Say hello to the newest muppet on Sesame Street, Zeerak! He’s the four-year-old little brother of six-year-old Zari, a character introduced last year on Afghanistan’s version of Sesame Street, Baghch-e-Simsim (Sesame Garden). Zeerak, whose name in Afghanistan’s two official languages, Dari and Pashto, means “smart,” is making his debut this year. Zeerak’s introduction is a part of Sesame Workshop’s initiative to promote gender equality with a focus on empowering young girls in Afghanistan. Baghch-e-Simsim will focus on segments that show Zeerak’s admiration for his biggest role model: Zari, who wants to share her love of learning with her brother and can’t wait for him to go to school like her.
Zeerak’s introduction to the show is thanks to his sister’s popularity with fans—they just can’t get enough of her! The show, which premiered in 2011, hopes to help usher in a new generation of children in Afghanistan who will grow up with the idea that a woman can succeed and find value in life outside the home—specifically, through education. Afghanistan is a country that has traditionally been more invested in boys’ schooling, so pushing the value of education for girls to a young audience is a crucial step forward.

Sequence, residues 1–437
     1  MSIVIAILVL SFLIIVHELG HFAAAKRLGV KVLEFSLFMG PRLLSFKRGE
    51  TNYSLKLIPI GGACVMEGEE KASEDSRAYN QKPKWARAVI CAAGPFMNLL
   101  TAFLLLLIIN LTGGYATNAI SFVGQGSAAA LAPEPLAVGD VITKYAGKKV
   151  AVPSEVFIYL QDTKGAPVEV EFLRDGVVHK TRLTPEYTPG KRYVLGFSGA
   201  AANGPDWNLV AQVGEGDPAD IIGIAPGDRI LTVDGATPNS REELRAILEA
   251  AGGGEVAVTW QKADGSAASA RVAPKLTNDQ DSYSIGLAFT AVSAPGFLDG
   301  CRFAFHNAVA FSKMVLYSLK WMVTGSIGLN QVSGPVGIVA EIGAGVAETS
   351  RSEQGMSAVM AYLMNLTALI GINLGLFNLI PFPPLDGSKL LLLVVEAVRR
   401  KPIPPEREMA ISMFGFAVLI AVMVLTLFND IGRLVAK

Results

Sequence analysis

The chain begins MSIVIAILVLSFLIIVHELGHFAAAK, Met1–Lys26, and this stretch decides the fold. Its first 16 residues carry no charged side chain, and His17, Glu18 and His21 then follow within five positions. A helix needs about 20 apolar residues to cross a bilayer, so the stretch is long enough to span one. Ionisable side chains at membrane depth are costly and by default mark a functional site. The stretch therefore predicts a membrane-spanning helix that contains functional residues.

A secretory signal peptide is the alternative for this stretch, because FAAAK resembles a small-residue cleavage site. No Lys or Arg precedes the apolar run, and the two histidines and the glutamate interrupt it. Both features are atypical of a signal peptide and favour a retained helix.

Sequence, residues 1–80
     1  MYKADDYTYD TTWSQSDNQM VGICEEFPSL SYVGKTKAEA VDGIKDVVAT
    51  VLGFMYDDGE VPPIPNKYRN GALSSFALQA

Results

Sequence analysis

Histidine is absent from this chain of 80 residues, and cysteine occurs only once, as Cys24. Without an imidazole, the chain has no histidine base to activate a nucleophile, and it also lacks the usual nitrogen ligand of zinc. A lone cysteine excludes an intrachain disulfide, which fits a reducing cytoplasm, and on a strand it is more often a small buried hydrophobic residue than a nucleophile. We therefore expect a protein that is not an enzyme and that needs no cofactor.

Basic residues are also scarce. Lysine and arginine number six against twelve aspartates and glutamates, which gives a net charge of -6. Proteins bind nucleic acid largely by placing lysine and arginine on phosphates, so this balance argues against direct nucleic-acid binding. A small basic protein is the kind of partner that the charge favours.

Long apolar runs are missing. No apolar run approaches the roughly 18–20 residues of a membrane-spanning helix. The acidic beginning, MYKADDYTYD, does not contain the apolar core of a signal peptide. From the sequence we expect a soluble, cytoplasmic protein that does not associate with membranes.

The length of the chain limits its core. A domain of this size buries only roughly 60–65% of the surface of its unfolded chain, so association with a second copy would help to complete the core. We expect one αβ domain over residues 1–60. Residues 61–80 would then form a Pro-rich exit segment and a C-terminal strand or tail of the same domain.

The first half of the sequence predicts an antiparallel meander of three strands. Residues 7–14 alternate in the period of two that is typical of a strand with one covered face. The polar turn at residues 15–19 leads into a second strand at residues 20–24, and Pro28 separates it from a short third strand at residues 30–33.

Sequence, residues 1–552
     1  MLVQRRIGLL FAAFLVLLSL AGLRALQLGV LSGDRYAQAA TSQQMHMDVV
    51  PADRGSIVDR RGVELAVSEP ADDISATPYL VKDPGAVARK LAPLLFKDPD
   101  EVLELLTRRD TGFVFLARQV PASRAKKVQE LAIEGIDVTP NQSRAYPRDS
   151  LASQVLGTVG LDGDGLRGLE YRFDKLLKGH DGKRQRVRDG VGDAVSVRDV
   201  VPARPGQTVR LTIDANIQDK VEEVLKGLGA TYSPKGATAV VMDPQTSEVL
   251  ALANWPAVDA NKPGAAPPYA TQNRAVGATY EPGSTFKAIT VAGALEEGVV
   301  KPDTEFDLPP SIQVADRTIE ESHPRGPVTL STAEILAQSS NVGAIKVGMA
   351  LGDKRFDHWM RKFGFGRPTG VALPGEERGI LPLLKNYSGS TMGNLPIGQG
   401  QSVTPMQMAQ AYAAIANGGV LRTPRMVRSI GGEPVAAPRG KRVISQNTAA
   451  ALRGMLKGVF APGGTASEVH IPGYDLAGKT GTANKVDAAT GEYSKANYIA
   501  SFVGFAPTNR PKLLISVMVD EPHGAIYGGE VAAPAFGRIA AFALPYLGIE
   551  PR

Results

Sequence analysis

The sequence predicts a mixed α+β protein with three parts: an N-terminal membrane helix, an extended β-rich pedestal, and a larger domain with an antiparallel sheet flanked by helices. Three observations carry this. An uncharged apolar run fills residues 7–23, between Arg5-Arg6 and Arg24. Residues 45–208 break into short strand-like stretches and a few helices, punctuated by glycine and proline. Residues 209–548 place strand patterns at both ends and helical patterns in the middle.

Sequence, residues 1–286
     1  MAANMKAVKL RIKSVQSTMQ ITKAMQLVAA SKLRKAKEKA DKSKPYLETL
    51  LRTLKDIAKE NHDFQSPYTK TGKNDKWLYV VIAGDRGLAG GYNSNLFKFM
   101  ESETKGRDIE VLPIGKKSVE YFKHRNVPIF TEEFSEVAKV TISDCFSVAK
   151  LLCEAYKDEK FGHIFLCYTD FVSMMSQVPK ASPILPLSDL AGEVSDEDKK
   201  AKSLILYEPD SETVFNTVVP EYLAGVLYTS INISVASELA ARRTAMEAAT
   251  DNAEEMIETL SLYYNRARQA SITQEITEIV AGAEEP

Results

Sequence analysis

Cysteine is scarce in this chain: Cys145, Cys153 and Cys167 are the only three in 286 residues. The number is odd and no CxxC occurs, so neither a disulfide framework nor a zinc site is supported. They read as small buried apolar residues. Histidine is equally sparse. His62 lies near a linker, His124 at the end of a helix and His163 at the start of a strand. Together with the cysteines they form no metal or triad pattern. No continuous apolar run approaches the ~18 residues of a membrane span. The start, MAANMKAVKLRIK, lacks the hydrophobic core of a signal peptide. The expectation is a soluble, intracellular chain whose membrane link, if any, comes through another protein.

A study of Afghanistan by the National Risk and Vulnerability Assessment Center reported that 66 percent of males and 37 percent of females between the ages of 15 and 24 were literate, with 45.5 percent of girls attending primary school and only 27 percent continuing to secondary school. Baghch-e-Simsim wants to change these numbers by inspiring children—and their parents—to get excited about learning and to let go of outdated ideas of girls and education.
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